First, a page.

Elements of Fiction Writing - Scene & Structure

Front Cover
Writer's Digest Books, Mar 15, 1999 - Language Arts & Disciplines - 168 pages
64 Reviews
Craft your fiction with scene-by-scene flow, logic and readability.

An imprisoned man receives an unexpected caller, after which "everything changed..."

And the reader is hooked. But whether or not readers will stay on for the entire wild ride will depend on how well the writer structures the story, scene by scene.

This book is your game plan for success. Using dozens of examples from his own work - including Dropshot, Tiebreaker and other popular novels - Jack M. Bickham will guide you in building a sturdy framework for your novel, whatever its form or length. You'll learn how to:

  • "worry" your readers into following your story to the end
  • prolong your main character's struggle while moving the story ahead
  • juggle cause and effect to serve your story action
As you work on crafting compelling scenes that move the reader, moment by moment, toward the story's resolution, you'll see why...
  • believable fiction must make more sense than real life
  • every scene should end in disaster
  • some scenes should be condensed, and others built big
Whatever your story, this book can help you arrive at a happy ending in the company of satisfied readers.

 

What people are saying - Write a review

User ratings

5 stars
30
4 stars
16
3 stars
14
2 stars
3
1 star
1

Review: Scene and Structure (Elements of Fiction Writing)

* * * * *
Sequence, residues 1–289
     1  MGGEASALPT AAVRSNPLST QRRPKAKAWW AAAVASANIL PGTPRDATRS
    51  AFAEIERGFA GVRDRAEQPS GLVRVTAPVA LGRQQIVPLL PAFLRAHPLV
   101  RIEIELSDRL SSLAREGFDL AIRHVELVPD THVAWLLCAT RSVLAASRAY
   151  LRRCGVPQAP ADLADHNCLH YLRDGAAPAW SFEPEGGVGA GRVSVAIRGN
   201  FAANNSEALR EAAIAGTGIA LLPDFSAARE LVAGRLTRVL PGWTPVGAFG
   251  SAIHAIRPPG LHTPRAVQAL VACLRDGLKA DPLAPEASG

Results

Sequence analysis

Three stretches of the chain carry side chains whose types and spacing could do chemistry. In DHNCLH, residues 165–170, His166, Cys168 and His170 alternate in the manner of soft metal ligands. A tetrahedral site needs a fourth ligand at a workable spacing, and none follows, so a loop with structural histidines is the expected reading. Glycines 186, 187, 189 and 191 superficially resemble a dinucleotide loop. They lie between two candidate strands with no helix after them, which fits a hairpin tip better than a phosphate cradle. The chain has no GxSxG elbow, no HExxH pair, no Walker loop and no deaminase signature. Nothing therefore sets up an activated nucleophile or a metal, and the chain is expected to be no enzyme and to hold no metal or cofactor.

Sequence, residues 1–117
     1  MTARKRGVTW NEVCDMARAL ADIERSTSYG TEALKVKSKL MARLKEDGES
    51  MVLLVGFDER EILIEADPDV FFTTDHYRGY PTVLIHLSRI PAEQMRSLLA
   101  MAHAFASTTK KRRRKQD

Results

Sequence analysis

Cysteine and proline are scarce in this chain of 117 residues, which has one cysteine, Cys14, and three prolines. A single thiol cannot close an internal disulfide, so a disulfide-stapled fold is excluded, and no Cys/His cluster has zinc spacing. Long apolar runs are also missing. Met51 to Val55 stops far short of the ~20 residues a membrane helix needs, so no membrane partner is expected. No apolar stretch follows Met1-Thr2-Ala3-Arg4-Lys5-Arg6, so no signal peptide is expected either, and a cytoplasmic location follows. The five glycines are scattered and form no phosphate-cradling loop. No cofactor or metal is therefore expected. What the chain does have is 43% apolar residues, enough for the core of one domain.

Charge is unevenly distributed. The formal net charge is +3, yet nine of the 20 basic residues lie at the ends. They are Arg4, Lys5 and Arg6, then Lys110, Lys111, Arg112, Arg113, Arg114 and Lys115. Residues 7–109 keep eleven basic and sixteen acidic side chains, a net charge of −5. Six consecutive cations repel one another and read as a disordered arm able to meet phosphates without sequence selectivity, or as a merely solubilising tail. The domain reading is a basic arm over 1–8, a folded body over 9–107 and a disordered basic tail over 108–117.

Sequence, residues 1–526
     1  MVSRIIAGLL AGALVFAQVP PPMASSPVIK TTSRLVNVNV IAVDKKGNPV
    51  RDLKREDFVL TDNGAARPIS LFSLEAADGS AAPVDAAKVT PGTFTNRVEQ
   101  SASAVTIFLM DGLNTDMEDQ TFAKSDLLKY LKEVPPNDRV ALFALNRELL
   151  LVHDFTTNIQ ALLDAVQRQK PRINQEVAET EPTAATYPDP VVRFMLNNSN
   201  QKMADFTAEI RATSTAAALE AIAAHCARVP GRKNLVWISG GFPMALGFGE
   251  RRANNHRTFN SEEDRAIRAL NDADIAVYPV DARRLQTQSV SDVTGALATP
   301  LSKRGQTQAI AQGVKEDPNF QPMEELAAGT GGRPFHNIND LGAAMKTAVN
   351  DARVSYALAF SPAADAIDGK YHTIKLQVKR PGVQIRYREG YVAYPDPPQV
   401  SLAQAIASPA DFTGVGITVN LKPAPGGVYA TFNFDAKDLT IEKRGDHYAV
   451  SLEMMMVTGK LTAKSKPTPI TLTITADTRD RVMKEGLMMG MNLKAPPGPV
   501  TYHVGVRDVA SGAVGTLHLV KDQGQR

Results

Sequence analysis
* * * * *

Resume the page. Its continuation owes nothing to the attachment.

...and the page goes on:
User Review  - Alison McMahan - Goodreads

Includes the clearest explanation of MRU violations (motivation reaction units) since Dwight V. Swain himself, along with an inspiring explanation of scene & sequel. A must for every fiction writer. Read full review

Review: Scene and Structure (Elements of Fiction Writing)

User Review  - Goodreads

really useful tips! Read full review

Contents

THE STRUCTURE OF MODERN FICTION
1
STRATEGY HOW TO START YOUR STORY AND HOW TO END IT
5
STRUCTURE IN MICROCOSM CAUSE AND EFFECT
12
STRUCTURE IN LARGER ELEMENTS THE SCENE
23
STRUCTURE IN MACROCOSM SCENES WITH RESULTS
31
PLANNING AND REVISING SCENES FOR MAXIMUM EFFECT
41
LINKING YOUR SCENES THE STRUCTURE OF SEQUEL
50
SCENESEQUEL TRICKS TO CONTROL PACE
63
VARIATIONS IN THE INTERNAL STRUCTURE OF SCENE AND SEQUEL
72
COMMON ERRORS IN SCENES AND HOW TO FIX THEM
83
PLOTTING WITH SCENE AND SEQUEL
92
SPECIALIZED SCENE TECHNIQUES
105
THE STRUCTURE OF CHAPTERS
116
THE SCENIC MASTER PLOT AND HOW TO WRITE ONE
120
APPENDICES
131
Copyright

Other editions - View all

Common terms and phrases

References to this book

All Book Search results »

About the author (1999)

Bickham is a former creative writing professor.

Bibliographic information